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Cover Comparative Politics

12. Multilevel governance  

Liesbet Hooghe, Gary Marks, and Arjan H. Schakel

This chapter examines multilevel governance, the dispersion of authority to jurisdictions within and beyond national states. It summarizes the tremendous growth of multilevel governance since the Second World War, and reviews the major theories that seek to explain this. Whereas economists and public policy analysts explain multilevel governance as a functionalist adaptation to the provision of public goods, sociologists and political scientists focus on the effects of territorial identity and distributional conflict. These approaches complement each other, and today researchers draw on them to explain variation over time and across space. The chapter concludes by discussing three topics that have been affected by multilevel governance: democratic representation, ethno-territorial conflict, and social policy.

Chapter

Cover Comparative Politics

11. Multilevel Governance  

Liesbet Hooghe, Gary Marks, and Arjan H. Schakel

This chapter examines multilevel governance, the dispersion of authority to jurisdictions within and beyond national states. It summarizes the tremendous growth of multilevel governance since World War II, and reviews the major theories that seek to explain this. Whereas economists and public policy analysts explain multilevel governance as a functionalist adaptation to the provision of public goods, sociologists and political scientists focus on the effects of territorial identity and distributional conflict. These approaches complement each other, and today researchers draw on them to explain variation over time and across space. The chapter concludes by discussing three topics that have been affected by multilevel governance: democratic representation, ethno-territorial conflict, and social policy.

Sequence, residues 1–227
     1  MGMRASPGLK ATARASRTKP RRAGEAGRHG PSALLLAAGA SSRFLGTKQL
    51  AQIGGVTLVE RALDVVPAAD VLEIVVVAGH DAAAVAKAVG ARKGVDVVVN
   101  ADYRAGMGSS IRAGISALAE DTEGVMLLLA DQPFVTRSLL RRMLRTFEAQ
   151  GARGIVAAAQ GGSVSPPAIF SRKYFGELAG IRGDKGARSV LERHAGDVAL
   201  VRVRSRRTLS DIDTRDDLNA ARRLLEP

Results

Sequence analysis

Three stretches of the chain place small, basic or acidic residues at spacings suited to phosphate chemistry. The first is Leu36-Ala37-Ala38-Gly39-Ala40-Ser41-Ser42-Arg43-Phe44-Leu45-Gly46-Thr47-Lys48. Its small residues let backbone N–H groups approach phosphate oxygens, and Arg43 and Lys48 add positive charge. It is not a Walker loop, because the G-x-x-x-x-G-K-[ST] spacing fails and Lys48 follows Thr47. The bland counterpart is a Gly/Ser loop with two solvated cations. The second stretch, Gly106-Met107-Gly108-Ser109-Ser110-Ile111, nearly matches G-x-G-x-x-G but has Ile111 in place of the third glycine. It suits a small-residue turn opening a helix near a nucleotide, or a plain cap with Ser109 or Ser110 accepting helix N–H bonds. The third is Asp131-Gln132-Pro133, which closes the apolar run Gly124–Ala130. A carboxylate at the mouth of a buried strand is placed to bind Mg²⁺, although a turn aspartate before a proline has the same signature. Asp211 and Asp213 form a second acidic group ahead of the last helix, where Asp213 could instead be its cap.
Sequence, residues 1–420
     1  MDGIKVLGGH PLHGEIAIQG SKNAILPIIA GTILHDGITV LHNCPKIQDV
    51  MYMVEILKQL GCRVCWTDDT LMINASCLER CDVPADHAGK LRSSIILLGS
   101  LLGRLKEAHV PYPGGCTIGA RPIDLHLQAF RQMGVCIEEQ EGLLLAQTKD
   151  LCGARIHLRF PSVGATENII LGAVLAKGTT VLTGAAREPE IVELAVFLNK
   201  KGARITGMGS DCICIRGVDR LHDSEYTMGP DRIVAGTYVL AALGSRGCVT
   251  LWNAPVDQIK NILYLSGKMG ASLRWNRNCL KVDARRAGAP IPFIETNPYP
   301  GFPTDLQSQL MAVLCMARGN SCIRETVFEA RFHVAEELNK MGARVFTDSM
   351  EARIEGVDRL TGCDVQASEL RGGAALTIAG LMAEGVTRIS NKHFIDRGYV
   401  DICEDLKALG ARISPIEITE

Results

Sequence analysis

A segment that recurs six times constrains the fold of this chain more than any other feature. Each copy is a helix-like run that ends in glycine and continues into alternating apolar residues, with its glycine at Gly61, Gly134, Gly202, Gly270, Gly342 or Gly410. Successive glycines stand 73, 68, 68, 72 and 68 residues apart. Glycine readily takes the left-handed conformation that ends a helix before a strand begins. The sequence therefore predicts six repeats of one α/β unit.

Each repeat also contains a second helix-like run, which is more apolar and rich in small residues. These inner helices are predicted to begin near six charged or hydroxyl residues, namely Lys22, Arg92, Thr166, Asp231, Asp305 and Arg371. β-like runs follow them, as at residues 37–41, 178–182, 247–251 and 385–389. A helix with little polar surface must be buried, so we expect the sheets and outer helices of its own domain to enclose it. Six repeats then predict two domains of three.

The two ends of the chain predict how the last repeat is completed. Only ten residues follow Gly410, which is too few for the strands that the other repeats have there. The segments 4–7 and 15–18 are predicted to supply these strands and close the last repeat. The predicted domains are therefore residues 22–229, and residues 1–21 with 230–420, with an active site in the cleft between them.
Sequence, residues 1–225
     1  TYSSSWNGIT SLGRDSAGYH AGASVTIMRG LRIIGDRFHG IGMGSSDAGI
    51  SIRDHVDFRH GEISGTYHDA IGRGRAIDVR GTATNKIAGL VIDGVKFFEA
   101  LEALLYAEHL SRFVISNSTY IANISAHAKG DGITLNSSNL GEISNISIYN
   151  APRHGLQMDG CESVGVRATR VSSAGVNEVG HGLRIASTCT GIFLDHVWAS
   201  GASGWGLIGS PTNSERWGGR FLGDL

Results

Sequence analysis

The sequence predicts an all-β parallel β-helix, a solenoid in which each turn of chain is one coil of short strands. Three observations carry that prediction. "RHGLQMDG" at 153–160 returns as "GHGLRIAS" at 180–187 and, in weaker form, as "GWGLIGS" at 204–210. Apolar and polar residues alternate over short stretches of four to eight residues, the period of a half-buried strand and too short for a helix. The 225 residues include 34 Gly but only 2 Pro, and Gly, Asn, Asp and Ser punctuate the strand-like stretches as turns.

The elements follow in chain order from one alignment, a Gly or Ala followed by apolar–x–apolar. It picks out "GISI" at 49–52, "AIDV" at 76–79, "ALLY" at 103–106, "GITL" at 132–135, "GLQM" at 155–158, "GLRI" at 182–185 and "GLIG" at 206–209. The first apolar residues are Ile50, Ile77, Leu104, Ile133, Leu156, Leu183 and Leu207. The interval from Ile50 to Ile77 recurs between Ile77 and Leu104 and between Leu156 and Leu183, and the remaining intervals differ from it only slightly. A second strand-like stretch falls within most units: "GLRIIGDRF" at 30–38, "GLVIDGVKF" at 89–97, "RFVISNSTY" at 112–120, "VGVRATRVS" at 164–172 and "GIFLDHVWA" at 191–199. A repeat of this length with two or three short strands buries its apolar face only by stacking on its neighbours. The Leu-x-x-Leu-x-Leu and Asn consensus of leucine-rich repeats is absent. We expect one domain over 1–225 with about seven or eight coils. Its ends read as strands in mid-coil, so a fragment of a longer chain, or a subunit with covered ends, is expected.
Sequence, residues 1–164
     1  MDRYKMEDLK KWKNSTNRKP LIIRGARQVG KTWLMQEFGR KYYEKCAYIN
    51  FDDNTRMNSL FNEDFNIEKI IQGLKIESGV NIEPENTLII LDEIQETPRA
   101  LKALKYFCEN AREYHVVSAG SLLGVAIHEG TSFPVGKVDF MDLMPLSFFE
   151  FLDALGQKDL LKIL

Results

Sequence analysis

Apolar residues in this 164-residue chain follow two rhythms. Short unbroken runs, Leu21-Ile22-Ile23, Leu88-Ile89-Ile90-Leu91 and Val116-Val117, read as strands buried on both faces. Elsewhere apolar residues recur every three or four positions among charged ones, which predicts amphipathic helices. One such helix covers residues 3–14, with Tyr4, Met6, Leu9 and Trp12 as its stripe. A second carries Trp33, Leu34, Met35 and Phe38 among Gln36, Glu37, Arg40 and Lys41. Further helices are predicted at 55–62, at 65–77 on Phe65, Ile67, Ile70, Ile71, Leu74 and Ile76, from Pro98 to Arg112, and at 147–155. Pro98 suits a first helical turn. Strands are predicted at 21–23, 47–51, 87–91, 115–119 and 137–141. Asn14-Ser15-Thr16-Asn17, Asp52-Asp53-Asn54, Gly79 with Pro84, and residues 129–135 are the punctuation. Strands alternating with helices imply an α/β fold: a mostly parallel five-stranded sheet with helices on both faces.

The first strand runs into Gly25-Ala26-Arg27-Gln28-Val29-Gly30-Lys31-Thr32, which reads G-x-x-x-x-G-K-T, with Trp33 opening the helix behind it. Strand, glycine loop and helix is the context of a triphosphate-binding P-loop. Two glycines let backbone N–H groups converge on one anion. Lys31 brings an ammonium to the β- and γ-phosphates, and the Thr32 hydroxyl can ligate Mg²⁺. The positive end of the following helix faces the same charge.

Chapter

Cover Political Thinkers

30. Oakeshott  

David Boucher

This chapter examines Michael Oakeshott's political thought, beginning with a discussion of his scepticism and its relation to the background theory of British idealism that informs all aspects of his philosophy. It then considers Oakeshott's belief that philosophy is the uncovering and questioning of the postulates upon which all our forms of understanding rest. Oakeshott has been characterized as a conservative, a liberal, and an ideologist, but this chapter argues that he was neither conservative nor liberal in any party-political sense. It goes on to analyse Oakeshott's views on the rationalist in politics, civil association and the rule of law, and politics and law as well as his characterization of the modern European state. The chapter concludes by assessing the importance Oakeshott attached to myth and legend in the self-consciousness of a society.

Chapter

Cover Rethinking Political Thinkers

27. Mohandas (Mahatma) Gandhi  

James Casas Klausen

This chapter examines the development of Mohandas (Mahatma) Gandhi’s theory and practice of non-violent resistance with respect to British imperialism in Asia and Africa. It also covers how Gandhi projected himself and conducted campaigns of resistance. Gandhi’s book Hind Swaraj presented Indian self-rule as personal/individual and political/collective and introduced the theory behind non-violent resistance. Gandhi’s autobiography reassessed his early activism, showing why anti-racist criticisms are not unfounded and elaborated his dilemmas in reconciling non-violent theory and practice in nationwide political campaigns. The chapter analyses the Salt Satyagraha to show how Gandhi attempted to resolve the tensions of non-violent resistance on a mass scale, which served as a model for non-violent protests against white supremacy and dictatorship.